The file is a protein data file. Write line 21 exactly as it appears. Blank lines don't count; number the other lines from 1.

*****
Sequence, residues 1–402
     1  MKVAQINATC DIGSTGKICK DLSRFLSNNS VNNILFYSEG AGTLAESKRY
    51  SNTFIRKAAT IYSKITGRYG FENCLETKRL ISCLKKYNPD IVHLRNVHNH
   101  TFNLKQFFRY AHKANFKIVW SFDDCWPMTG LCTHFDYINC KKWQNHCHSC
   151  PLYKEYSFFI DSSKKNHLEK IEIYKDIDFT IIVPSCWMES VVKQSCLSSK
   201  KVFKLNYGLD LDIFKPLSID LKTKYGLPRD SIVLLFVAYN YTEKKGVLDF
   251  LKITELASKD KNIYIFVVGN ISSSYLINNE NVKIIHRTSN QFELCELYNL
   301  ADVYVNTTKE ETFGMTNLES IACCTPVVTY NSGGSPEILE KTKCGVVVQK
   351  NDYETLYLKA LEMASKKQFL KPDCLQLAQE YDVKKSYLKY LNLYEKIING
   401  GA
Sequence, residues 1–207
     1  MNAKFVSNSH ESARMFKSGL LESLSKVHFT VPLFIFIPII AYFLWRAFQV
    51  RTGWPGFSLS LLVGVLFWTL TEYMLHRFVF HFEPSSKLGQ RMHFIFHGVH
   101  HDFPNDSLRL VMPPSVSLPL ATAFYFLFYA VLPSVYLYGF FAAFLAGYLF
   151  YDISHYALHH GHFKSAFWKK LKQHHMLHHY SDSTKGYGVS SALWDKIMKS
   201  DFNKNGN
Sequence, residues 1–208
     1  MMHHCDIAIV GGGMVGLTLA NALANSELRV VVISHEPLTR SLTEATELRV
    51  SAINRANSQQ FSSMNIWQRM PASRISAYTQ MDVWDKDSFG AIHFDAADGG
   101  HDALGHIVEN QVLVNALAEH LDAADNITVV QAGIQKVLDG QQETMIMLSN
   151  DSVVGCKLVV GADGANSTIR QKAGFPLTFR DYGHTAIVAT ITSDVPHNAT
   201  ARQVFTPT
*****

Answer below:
   151  DSVVGCKLVV GADGANSTIR QKAGFPLTFR DYGHTAIVAT ITSDVPHNAT